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Dying patient left alone for 30 minutes

Court documents detail death of realtor; college had concerns about risks at cosmetic clinic

Hamilton Spectator
July 19, 2008

The young real-estate agent who died last year after a liposuction procedure at a Toronto doctor's office was lying in a recovery room for 30 minutes with no vital signs before anyone called 911, according to allegations filed in court.

Documents detailing the death of realtor Krista Stryland also show that the College of Physicians and Surgeons of Ontario had concerns about risks to patients being treated at Dr. Behnaz Yazdanfar's busy cosmetic clinic as far back as 2002.

And just over two months before Stryland's death, another patient had serious complications after five litres of fat were liposuctioned from three body parts in a single session, according to court documents. The college alleges that Yazdanfar previously told the college that she only removes under two litres of fat at a time, and only performs liposuction on one body area per procedure. That patient survived and her family has complained to the college as well.

Stryland, 32, died on Sept. 20, 2007. The young mother had gone to the Toronto Cosmetic Clinic for liposuction. Both the hospital doctor who later tried to revive her and the coroner suggest the delay could have contributed to her death.

The college is seeking a court order to compel Yazdanfar's co-operation in its investigation of her medical practice. The court hearing is Tuesday. In support of the application, the college has filed hundreds of pages of documents. Some remain subject to a publication ban or have portions blacked out. This story is based on documents in the public domain.

Yazdanfar is not accredited as a plastic surgeon and holds no surgical designation. A Star investigation last fall documented the college's dithering around regulation of the rapidly expanding field of cosmetic surgery.

Today, hundreds of MDs without recognized surgical training continue to perform cosmetic procedures in private offices over which the college has limited oversight.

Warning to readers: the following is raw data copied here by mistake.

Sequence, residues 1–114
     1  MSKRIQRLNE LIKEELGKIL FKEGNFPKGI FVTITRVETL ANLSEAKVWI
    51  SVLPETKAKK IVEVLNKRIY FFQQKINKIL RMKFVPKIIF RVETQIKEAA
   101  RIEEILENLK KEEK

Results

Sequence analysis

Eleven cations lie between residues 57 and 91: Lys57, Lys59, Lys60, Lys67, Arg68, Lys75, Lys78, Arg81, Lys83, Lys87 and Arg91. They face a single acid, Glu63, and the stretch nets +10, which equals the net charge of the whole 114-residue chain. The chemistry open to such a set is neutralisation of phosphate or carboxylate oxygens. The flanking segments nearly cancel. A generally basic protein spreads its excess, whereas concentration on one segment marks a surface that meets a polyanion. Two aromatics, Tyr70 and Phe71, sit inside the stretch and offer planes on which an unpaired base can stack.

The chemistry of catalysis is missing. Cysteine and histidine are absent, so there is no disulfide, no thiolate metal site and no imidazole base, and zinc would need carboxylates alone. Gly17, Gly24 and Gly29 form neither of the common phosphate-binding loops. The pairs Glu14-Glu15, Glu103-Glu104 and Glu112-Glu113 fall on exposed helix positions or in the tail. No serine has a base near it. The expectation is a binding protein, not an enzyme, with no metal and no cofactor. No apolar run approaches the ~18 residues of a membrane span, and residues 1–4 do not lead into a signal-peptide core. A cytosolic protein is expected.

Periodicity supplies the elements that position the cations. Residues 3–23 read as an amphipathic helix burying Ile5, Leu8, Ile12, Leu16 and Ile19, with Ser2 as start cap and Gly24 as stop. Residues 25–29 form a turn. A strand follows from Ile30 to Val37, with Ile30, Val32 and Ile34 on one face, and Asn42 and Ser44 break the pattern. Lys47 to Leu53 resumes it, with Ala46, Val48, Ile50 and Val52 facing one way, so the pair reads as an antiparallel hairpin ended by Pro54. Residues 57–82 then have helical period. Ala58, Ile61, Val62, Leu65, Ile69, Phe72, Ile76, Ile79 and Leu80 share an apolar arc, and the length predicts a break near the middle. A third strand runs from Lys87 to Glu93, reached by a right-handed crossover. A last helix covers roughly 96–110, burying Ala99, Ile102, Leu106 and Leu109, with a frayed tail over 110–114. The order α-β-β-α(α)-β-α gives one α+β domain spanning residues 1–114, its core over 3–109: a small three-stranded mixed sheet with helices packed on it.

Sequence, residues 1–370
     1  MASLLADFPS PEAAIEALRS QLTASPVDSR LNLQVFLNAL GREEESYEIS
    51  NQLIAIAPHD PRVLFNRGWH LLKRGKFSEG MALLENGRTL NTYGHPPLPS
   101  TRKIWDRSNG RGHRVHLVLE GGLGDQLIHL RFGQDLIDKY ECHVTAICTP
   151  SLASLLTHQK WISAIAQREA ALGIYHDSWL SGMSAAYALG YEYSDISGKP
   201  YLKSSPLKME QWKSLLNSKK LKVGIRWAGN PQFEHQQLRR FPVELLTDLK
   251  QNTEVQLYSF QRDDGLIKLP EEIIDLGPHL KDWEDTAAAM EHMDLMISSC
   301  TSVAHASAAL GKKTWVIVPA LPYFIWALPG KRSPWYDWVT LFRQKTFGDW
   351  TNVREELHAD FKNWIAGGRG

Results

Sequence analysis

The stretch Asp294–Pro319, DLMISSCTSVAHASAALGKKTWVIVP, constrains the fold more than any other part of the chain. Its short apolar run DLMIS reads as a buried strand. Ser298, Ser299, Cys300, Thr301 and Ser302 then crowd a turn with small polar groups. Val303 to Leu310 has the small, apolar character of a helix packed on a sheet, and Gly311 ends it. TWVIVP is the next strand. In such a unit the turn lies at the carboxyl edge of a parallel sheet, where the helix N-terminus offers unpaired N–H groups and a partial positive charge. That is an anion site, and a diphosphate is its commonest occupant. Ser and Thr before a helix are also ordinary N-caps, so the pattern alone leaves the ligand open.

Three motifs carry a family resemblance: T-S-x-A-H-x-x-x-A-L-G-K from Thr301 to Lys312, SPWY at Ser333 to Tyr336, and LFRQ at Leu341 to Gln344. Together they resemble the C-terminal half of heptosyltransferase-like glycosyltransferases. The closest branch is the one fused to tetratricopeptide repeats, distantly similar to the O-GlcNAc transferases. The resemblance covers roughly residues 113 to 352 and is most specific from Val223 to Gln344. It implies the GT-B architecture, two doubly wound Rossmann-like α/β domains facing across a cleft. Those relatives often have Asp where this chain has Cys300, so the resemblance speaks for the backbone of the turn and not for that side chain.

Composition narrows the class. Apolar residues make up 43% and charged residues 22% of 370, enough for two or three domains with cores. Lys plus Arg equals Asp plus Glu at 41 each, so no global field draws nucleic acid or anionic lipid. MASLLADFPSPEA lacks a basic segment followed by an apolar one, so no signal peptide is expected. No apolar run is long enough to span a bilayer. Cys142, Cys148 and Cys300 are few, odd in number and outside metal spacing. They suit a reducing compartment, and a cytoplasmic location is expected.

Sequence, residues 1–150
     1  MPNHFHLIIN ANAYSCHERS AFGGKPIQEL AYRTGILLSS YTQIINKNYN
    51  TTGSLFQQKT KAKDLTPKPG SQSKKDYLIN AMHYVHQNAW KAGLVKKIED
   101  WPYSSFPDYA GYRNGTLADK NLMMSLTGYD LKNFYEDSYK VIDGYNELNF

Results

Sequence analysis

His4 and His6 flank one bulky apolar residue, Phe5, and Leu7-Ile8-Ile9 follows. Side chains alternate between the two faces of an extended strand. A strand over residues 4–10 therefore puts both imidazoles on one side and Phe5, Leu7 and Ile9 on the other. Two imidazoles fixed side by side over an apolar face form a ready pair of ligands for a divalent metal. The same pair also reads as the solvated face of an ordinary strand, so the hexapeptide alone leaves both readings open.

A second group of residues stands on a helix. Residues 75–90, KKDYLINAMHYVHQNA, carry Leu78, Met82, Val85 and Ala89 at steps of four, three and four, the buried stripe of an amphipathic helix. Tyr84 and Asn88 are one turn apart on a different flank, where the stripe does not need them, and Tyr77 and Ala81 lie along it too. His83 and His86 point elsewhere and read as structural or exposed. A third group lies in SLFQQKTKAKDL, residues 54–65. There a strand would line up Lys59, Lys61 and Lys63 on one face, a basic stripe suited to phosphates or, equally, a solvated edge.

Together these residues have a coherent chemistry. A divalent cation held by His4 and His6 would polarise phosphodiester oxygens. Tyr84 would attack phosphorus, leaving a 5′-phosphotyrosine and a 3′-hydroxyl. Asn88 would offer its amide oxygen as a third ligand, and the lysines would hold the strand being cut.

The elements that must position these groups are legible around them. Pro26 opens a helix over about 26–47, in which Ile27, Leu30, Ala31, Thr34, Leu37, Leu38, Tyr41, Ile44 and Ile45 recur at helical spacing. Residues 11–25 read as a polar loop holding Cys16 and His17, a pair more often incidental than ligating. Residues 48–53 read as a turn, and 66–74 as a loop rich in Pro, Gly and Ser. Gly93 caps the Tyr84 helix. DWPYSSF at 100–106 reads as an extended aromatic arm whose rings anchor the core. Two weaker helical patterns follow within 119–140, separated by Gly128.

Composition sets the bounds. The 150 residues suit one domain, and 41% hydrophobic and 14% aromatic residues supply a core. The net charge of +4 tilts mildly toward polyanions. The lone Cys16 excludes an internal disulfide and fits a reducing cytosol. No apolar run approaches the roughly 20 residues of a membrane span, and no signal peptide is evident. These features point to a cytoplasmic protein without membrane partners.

The court documents reveal a lengthy history of college involvement in Yazdanfar's practice.

Tracey Tremayne-Lloyd, a Toronto lawyer representing Yazdanfar, said each of the issues raised by the college over the past six years was "addressed and rectified."

"(Stryland) suffered her unfortunate complication in the recovery room. The surgery went perfectly fine. It was in recovery that something happened to the patient. The patient took a very sudden downturn that had to be dealt with as an emergency," Tremayne-Lloyd said.

Back in 2002, the college looked into a complaint about her lack of formal training. Yazdanfar told investigators she had taken "a course in liposuction in Colorado the previous spring and had been performing the procedure since then," court records show. Because the college had no specific standards for cosmetic surgery, the investigator concluded the doctor's training was "adequate but not extensive."

The next year, a college-appointed plastic surgeon was asked to assess Yazdanfar's practice. He concluded she had the "skill, knowledge and judgment to safely practice liposuction," but found several areas where her practice fell "below an acceptable standard of care."

For example, the assessment report said Yazdanfar's assistant, an Iranian nurse, "is not actually a registered nurse in Ontario and has not taken the College of Nurses Licensing exams." The report called Yazdanfar's practice of delegating duties such as infusions (giving fluids by intravenous) to the nurse "an unacceptable standard of practice."

Documents filed in court by Yazdanfar indicate those problems were subsequently remedied.

Other documents in the file raise alarm bells about patient safety in the years leading up to Stryland's death.

A college letter to Yazdanfar in April, 2004, stated the college was "quite troubled by the lengthy list of deficiencies at your facility, relating to sterilization and infection control practices, lack of appropriate equipment and room allocation."

A follow-up assessment last year found the cleanliness issues had been dealt with.

Throughout the documents, the college raises issues common to its general concern about unregulated surgeries.

For example, in 2006, a college-appointed assessor raised concerns about the use of anesthesia in a private clinic where the normal "protective envelope" of a hospital is missing.

"Dr. Yazdanfar does not have hospital privileges," the assessment report says. "She should therefore have at the very least, a standing relationship with the surgical department of a hospital that would guarantee the efficient, speedy and safe transportation of her patient to that hospital for ongoing surgical care in the event that it would be necessary. Instead, Dr. Yazdanfar would refer her patients to the Emergency department and depend on the medical personnel in that department to make appropriate decisions about the management of her surgical patients. When surgical complications arise requiring transfer and admission the process should be as seamless and efficient as possible."